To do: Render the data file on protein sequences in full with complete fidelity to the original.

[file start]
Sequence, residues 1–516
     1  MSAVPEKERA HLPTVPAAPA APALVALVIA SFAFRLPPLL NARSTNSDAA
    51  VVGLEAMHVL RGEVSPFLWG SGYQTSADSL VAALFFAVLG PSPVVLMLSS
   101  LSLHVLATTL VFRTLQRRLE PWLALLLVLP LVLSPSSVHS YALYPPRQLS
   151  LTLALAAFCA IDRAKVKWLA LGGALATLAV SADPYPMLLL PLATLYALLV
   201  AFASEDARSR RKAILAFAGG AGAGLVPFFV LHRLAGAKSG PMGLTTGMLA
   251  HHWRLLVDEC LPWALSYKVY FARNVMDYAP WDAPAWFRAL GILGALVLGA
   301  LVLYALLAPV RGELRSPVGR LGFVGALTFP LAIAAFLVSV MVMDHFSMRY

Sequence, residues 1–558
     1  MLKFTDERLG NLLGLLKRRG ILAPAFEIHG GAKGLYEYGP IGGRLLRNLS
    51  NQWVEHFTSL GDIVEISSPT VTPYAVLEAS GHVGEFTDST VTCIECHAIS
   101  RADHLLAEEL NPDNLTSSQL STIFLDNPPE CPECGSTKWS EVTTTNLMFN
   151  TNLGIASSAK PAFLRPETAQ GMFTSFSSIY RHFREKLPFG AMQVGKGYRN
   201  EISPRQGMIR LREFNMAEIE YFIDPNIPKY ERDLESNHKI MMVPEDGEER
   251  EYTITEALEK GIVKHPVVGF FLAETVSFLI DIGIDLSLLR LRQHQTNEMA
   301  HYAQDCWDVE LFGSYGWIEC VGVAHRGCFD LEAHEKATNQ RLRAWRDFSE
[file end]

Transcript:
Sequence, residues 1–516
     1  MSAVPEKERA HLPTVPAAPA APALVALVIA SFAFRLPPLL NARSTNSDAA
    51  VVGLEAMHVL RGEVSPFLWG SGYQTSADSL VAALFFAVLG PSPVVLMLSS
   101  LSLHVLATTL VFRTLQRRLE PWLALLLVLP LVLSPSSVHS YALYPPRQLS
   151  LTLALAAFCA IDRAKVKWLA LGGALATLAV SADPYPMLLL PLATLYALLV
   201  AFASEDARSR RKAILAFAGG AGAGLVPFFV LHRLAGAKSG PMGLTTGMLA
   251  HHWRLLVDEC LPWALSYKVY FARNVMDYAP WDAPAWFRAL GILGALVLGA
   301  LVLYALLAPV RGELRSPVGR LGFVGALTFP LAIAAFLVSV MVMDHFSMRY

Sequence, residues 1–558
     1  MLKFTDERLG NLLGLLKRRG ILAPAFEIHG GAKGLYEYGP IGGRLLRNLS
    51  NQWVEHFTSL GDIVEISSPT VTPYAVLEAS GHVGEFTDST VTCIECHAIS
   101  RADHLLAEEL NPDNLTSSQL STIFLDNPPE CPECGSTKWS EVTTTNLMFN
   151  TNLGIASSAK PAFLRPETAQ GMFTSFSSIY RHFREKLPFG AMQVGKGYRN
   201  EISPRQGMIR LREFNMAEIE YFIDPNIPKY ERDLESNHKI MMVPEDGEER
   251  EYTITEALEK GIVKHPVVGF FLAETVSFLI DIGIDLSLLR LRQHQTNEMA
   301  HYAQDCWDVE LFGSYGWIEC VGVAHRGCFD LEAHEKATNQ RLRAWRDFSE